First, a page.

The cost of not being clear about what you want

Papers and post it notes spread out on a table

3 minute read

Organisations are often provided products and project outcomes that do not meet their expectations, and much of the fault may lie in the ambiguity of their initial requirements.

New work from the ANU Research School of Management’s Dr Mehdi Rajabi Asadabadi explores the factors at play between purchaser and provider, with a focus on the implications for large-scale organisations such as government agencies.

“In modern contracting approaches the purchaser does not become involved in the process of how the provider constructs the artefact. Given this, it becomes crucial for the purchaser to clearly define the requirements in order to eliminate possible misinterpretation. An incorrect interpretation of the requirement by the provider may result in a delivered product that suffers drawbacks and does not satisfy the purchaser,” says Mehdi.

Mehdi suggests that automated natural language processing techniques could be used to detect ambiguous words and statements in requirement documentation. This would reduce the likelihood of an end product being unsatisfactory and diminish the costs and time involved in fixing issues with the product after it has been delivered.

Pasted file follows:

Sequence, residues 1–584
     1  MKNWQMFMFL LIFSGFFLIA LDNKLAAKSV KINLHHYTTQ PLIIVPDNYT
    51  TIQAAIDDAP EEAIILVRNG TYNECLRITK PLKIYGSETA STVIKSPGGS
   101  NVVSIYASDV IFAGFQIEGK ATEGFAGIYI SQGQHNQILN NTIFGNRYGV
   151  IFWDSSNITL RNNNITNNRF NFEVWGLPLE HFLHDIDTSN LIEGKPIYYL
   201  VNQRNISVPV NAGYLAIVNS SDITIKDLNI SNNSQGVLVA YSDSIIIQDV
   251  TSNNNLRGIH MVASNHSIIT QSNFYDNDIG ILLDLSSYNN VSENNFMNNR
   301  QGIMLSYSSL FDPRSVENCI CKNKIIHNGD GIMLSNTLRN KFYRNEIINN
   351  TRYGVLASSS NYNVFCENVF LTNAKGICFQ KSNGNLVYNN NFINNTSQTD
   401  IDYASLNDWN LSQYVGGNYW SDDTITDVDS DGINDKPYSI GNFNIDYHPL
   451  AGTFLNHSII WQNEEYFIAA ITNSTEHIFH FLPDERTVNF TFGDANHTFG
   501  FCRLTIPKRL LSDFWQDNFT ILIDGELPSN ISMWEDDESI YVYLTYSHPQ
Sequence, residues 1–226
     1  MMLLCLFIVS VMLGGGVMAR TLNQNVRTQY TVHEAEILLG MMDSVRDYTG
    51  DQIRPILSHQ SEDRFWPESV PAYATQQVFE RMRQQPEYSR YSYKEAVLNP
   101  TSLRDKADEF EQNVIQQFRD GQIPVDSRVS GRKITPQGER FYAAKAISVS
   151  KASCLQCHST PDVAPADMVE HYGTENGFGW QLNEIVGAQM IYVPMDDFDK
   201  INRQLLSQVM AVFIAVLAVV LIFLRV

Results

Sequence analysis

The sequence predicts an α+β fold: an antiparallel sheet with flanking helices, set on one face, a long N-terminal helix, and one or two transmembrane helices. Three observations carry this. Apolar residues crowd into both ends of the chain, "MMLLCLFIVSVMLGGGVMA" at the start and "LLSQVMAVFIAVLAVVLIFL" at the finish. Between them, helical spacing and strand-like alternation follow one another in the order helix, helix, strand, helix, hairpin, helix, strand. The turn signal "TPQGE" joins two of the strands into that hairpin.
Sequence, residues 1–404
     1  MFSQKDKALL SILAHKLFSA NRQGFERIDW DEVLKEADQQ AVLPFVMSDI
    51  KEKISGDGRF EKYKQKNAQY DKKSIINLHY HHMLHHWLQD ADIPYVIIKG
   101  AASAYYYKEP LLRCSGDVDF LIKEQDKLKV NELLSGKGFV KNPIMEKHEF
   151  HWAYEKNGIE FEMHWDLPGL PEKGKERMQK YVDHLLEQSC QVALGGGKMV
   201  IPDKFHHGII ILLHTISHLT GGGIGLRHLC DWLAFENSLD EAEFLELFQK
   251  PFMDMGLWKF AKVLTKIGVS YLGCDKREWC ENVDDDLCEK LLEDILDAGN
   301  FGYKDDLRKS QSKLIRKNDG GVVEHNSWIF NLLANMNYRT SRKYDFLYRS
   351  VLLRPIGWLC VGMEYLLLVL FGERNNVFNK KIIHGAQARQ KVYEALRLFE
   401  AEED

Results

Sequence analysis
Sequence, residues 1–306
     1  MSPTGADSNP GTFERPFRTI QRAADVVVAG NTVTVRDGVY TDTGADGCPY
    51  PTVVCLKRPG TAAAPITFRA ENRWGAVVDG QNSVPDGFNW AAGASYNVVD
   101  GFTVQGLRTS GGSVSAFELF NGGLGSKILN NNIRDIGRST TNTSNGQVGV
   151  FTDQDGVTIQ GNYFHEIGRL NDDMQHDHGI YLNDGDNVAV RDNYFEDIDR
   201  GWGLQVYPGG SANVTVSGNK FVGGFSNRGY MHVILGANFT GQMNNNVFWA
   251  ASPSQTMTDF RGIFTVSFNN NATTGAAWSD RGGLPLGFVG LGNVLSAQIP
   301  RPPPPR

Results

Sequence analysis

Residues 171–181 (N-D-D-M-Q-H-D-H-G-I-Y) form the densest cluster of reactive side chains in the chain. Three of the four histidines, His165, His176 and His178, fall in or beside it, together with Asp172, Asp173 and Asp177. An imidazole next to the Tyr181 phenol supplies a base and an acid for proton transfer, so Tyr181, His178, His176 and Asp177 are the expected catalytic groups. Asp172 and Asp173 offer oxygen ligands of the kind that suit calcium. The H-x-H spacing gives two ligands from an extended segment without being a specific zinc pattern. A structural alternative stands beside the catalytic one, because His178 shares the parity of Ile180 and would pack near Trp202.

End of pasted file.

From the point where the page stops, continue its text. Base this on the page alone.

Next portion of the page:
In the dynamic between purchaser and provider, it is initially more attractive to the purchaser to use vaguer terms in describing their requirements, as a way of masking gaps in their knowledge. This benefits the provider, who is able to interpret the ambiguous requirements in a way that saves them money and time, thus producing a less satisfying outcome for the purchaser. The provider can then charge additional fees for bringing the outcome into line with what the purchaser had intended.

“What makes this situation even more interesting is that the power of the purchaser to enforce the provider’s cooperation to resolve ambiguity diminishes over time, and is at its highest before the contract is awarded,” Mehdi explains.

Much of the previous research in the area of requirement ambiguity has been limited to software development, but Mehdi’s work highlights an approach that would fit the needs of broader sectors like government.

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